Hard Candy lives and dies on the performances of its two leads. Writer Brian Nelson has crafted a fantastic, literate script, and director David Slade (read my interview here) has vision to spare, but when your movie is about two people in a house, it’s really all about the performances.

Ellen Page is fantastic as Hayley, the 14 year old who turns the tables on a 32 year old man who picks up young girls on the internet. When Hard Candy was shot two years ago Page was 17, but even now she could easily pass for 13 (how long until her name is Mrs. Ellen Davis?). What’s unmistakably adult, though, is her intensity – both on the screen and in real life. Page seems like a fairly serious young Canadian.

She’s getting a chance to flex less serious muscles when she appears as Shadowcat in X-Men: The Last Stand. Shadowcat, aka Kitty Pryde, is possibly the single most crushed-upon female character in the history of comics. I also think she might have been the first explicitly, actively Jewish main character in comic books.

Also be sure to check out our exclusive clip from Hard Candy by clicking here. Hard Candy opens this weekend.

Q: Did you create a background story in your head for Hayley?

Page: Yeah, I had a complete story for her. But, at the same time, I don’t think it’s even remotely necessary for anyone to know what it is.

Q: When you’re onscreen, do you know every aspect of her motivates?

Page: Yeah, I think so.

Q: Which older actresses was your performance influenced by?

Page: Yeah, there’s one performance [by] Jodie Foster in Little Girl Who Lives Down the Lane, a 1976 film, which is amazing. Her performance in that was so strong and, once again, a 14-year-old girl, that people are like, “What are you doing, girl? You can’t be doing that! You’re fourteen!” and she’s like “Why can’t I cook? I’m fourteen!” and then she’s teaching herself Hebrew.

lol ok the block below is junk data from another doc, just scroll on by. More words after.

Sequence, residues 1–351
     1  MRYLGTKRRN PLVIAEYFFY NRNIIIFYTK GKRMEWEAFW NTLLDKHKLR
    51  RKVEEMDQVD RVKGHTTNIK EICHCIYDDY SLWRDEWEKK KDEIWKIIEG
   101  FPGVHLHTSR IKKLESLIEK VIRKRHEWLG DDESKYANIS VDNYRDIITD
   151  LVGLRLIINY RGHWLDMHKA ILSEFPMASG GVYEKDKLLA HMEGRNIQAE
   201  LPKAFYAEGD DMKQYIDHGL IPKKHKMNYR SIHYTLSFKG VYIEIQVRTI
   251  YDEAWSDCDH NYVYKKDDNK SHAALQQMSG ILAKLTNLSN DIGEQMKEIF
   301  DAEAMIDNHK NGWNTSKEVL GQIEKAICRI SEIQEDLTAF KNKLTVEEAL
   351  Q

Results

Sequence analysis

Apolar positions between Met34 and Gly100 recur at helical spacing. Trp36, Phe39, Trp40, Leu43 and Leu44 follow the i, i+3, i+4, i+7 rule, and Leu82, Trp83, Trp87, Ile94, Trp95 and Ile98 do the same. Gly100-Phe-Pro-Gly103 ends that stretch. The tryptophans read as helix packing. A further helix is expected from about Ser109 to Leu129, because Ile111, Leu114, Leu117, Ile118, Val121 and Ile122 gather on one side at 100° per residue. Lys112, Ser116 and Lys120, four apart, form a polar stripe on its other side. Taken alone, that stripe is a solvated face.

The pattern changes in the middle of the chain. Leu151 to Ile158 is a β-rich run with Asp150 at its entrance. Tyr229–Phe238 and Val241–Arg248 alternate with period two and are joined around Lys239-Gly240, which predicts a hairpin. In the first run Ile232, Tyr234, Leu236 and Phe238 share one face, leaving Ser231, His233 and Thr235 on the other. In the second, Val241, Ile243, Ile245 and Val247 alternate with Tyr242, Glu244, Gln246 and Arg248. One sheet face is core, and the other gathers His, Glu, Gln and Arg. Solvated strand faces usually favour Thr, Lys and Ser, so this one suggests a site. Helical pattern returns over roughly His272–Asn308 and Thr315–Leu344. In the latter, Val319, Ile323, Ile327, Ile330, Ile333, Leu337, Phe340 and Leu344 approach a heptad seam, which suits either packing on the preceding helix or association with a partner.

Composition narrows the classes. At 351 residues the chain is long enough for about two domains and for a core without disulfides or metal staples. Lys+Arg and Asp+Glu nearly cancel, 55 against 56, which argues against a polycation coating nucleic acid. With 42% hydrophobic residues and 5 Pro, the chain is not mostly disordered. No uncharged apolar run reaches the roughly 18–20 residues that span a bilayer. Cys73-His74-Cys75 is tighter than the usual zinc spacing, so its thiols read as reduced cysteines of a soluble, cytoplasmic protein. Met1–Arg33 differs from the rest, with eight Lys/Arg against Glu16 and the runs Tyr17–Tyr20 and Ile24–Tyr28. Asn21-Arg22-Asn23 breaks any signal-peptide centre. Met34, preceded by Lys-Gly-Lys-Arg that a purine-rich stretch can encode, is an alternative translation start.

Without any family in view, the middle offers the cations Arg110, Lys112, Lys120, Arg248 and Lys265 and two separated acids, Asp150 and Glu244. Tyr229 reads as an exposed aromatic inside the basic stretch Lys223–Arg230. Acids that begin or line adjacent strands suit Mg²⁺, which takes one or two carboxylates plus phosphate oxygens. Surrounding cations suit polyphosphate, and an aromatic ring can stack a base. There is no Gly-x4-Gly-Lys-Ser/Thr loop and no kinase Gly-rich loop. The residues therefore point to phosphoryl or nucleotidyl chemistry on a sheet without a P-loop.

Q: What did your parents say when you showed them the script?

Page: My dad read it first and he his only concern was, “Wow, you’re going to be going into this person’s mind! Are you ready for that?” But he really liked the script as much I did, so he was very supportive and trusting.

http://chud.com/nextraimages/hard_candyint.jpgQ: Do you find that the different sexes respond to the film differently?

Page: Sometimes you get men who are really angry about it and who just hate my character and all their sympathy goes to Jeff, which is really interesting for him to be excused for a lot of behavior. When men get really angry, my reply is there’s this whole division in Law & Order that could basically be called “Naked Women in Dumpsters”. Do you know what I mean? But then you meet some women who are really angry about it too. I met this woman in Palm Springs who accosted me, “You’re sadistic!” and kind of went off. So, it’s totally varied to be honest.

Q: Has anyone considered Hayley’s actions justifiable?

Page: I don’t know if people think that she has completely done the right thing. This movie is really not cut-and-dry, which is really why I really like it. It’s just not black and white; life’s obviously not black and white. You meet people who are inspired because they see a young woman with so much intelligence and integrity and passion. We’re really devoid of that in media right now. I think she’s freakin’ great. I loved her. I loved her passion. She sees something that she’s pissed off about that no one’s doing anything about and she takes it upon herself to change it. Obviously, it’s up to the audience to determine whether or not what she does is right.

Q: Do you think Jeff is really a bad guy, or is he sick?

Page: I don’t know. I actually had this conversation with friends who saw it, and I was thinking [that] I’d really like to find compassion for all people, especially when there are all these misdeeds in the world. I find it really difficult to find compassion for people that sexually violate young individuals, whether it’s male or female. It horrifies me. I find it really difficult for me to see, but everyone has a story. I guess. I find it really difficult when somebody rapes and murders a kid, I’m like, “What!?!” I just don’t get it.